New City, New Font

It’s easy to think of Milton Glaser’s “I Love New York” logo when thinking of the Big Apple, or the Hollywood sign when we think of Los Angeles, but it’s not often we can define an entire city by one particular typeface. There’s news coming out of Chattanooga, Tennessee that is intent on changing that. Brand designer D.J. Trischler and designer Jeremy Dooley are helping to redesign the identity of their city with a brand new font called Chatype.

Chatype is a a thick, segmented typeface that brings to mind bike lanes, park signage and public places, images of active people gathering together outdoors. It’s successful in its mission of bringing a new life to a city that otherwise is lost in public memory, and hopefully will inspire residents to become a part of their own outdoor community. It will be interesting to see what effect Chatype has on tourism and public perception of the small Tennessee city.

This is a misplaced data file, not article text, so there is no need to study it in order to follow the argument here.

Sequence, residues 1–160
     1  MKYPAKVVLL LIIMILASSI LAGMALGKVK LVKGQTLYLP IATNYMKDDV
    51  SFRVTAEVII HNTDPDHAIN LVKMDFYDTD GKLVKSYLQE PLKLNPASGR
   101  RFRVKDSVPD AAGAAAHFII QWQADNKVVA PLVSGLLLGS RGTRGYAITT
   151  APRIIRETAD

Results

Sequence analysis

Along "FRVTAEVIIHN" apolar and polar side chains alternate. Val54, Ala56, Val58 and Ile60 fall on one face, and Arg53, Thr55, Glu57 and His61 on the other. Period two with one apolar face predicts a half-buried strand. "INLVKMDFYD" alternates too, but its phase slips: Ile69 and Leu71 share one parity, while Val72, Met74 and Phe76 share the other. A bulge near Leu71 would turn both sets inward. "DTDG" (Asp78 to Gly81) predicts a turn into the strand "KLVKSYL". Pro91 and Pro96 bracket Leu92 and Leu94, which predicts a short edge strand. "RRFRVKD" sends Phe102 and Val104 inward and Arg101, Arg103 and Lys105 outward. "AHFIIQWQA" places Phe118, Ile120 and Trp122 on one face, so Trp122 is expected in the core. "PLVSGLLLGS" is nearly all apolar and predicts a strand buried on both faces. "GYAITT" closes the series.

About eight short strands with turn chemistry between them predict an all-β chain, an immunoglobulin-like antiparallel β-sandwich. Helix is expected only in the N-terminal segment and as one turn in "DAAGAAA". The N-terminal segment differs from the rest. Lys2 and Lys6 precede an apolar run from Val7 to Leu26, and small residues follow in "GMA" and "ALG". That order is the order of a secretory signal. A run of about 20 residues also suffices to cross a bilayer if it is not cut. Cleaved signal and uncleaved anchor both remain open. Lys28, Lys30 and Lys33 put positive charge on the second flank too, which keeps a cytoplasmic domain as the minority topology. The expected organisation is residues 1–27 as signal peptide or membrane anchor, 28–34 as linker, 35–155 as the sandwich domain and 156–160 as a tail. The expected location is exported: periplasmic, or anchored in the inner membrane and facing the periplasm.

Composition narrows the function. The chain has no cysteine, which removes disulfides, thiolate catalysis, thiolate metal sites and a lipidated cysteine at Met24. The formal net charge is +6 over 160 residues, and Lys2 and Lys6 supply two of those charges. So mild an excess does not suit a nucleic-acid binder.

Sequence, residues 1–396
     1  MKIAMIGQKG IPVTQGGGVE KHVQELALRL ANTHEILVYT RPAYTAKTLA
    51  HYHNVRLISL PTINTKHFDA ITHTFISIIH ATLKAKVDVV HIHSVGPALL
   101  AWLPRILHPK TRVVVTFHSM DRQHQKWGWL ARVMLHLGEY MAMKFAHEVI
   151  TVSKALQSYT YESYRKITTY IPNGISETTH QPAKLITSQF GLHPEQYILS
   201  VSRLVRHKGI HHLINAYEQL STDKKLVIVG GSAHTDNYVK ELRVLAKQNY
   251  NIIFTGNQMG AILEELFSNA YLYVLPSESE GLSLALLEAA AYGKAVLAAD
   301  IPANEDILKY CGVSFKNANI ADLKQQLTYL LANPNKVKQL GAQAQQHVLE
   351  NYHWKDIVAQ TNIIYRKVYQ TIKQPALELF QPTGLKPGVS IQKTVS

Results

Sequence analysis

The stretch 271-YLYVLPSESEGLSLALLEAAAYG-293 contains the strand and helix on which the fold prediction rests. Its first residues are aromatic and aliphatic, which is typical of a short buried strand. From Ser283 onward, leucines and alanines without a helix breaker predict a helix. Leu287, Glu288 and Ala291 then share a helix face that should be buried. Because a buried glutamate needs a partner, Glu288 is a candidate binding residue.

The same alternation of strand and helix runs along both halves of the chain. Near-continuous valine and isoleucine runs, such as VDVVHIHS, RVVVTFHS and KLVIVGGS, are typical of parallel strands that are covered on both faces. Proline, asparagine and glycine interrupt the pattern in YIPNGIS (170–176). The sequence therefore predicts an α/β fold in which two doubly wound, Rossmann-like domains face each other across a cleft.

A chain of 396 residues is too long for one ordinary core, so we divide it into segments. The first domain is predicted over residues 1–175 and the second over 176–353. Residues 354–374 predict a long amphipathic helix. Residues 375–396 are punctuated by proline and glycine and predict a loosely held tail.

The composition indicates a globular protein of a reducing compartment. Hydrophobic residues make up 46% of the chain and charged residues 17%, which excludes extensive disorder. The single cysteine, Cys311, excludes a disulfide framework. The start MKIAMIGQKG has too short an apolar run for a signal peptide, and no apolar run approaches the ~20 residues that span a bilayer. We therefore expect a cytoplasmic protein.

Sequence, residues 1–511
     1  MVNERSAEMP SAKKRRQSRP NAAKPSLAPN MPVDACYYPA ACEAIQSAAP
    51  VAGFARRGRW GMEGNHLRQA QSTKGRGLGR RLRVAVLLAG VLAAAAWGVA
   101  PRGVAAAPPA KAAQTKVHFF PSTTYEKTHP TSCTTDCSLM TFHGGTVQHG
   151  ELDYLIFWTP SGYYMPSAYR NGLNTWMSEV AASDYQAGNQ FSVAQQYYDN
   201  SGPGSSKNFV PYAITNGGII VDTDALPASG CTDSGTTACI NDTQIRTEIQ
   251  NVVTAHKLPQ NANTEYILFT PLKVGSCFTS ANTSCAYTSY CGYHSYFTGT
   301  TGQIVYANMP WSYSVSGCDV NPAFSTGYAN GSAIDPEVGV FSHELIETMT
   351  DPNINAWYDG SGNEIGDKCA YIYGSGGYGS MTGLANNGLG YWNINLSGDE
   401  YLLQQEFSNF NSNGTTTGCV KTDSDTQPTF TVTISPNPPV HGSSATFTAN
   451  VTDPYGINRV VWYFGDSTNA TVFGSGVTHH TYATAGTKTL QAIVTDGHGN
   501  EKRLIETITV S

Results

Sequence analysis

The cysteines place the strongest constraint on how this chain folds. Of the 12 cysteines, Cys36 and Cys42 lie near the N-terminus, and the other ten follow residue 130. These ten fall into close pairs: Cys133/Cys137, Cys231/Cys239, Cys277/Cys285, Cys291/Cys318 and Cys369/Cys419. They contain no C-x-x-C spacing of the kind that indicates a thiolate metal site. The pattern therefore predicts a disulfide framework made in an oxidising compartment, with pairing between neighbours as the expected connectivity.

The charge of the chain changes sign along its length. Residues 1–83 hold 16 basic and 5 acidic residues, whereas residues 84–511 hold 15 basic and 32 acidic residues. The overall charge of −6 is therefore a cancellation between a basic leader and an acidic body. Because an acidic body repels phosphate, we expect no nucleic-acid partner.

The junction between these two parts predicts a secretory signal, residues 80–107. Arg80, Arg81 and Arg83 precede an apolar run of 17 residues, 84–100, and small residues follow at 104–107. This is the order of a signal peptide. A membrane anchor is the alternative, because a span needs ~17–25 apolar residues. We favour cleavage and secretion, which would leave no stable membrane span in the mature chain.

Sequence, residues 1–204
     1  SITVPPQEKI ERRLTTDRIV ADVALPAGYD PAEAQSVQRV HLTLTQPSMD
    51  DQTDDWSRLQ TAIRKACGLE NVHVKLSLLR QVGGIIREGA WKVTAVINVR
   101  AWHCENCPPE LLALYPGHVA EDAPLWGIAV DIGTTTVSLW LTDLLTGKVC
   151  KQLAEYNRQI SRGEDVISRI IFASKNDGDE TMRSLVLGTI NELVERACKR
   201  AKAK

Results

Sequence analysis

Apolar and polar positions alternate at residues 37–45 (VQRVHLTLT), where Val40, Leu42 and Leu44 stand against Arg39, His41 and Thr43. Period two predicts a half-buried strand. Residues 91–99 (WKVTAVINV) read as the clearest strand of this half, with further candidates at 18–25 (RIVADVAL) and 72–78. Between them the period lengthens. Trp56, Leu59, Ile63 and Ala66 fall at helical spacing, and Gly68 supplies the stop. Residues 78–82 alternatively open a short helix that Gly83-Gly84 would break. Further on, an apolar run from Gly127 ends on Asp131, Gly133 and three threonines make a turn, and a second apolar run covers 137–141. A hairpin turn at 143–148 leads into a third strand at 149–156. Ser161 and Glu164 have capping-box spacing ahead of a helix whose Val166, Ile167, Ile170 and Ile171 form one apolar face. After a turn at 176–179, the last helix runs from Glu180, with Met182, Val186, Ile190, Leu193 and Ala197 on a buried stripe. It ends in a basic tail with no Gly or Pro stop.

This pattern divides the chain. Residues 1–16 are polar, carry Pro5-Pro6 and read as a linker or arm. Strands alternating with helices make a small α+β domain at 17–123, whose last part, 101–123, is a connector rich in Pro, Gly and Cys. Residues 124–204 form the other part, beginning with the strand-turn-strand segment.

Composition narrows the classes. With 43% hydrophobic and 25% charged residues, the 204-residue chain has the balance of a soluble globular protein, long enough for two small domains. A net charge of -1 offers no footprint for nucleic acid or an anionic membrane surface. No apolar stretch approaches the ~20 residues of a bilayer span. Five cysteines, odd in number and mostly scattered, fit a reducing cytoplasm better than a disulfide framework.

It seems a novel idea, for a city to create its own font. In reality, many cities in Europe and beyond have for centuries been defined by their own particular typeface. Paris for me is forever associated with beauty, defined by the Art Nouveau style of its metro signs. When I think of Buenos Aires, I think of Fileteado, one of the liveliest fonts on the planet. Whether walking around a small village in Slovenia or seeing grand signs in Italy, it’s one way to easily recognize a city and get a feel for the way it portrays itself. If your city had its own font, how would you describe it?